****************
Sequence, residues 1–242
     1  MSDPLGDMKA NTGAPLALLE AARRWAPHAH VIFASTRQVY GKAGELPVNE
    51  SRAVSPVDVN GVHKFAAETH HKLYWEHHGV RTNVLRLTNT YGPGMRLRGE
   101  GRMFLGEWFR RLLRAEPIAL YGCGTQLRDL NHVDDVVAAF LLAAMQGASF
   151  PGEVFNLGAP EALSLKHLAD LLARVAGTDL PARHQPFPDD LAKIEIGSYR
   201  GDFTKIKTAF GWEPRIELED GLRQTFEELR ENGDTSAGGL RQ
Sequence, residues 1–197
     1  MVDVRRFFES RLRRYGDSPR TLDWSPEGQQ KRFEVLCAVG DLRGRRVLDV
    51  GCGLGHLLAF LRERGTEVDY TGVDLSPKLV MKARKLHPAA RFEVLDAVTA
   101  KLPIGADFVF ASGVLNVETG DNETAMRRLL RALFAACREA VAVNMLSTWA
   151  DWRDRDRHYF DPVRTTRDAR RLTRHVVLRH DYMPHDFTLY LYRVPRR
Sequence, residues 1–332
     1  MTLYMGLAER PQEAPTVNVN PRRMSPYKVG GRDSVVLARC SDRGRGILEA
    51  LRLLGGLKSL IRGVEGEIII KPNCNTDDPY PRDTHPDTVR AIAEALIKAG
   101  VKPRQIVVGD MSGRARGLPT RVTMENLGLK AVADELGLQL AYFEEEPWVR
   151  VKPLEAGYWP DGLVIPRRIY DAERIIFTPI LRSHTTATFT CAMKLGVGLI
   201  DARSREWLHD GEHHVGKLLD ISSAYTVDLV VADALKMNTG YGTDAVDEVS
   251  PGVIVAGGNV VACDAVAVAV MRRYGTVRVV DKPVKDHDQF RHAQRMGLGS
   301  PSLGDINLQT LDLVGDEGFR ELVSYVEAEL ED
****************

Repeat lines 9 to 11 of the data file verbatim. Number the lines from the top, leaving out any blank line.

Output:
    51  GCGLGHLLAF LRERGTEVDY TGVDLSPKLV MKARKLHPAA RFEVLDAVTA
   101  KLPIGADFVF ASGVLNVETG DNETAMRRLL RALFAACREA VAVNMLSTWA
   151  DWRDRDRHYF DPVRTTRDAR RLTRHVVLRH DYMPHDFTLY LYRVPRR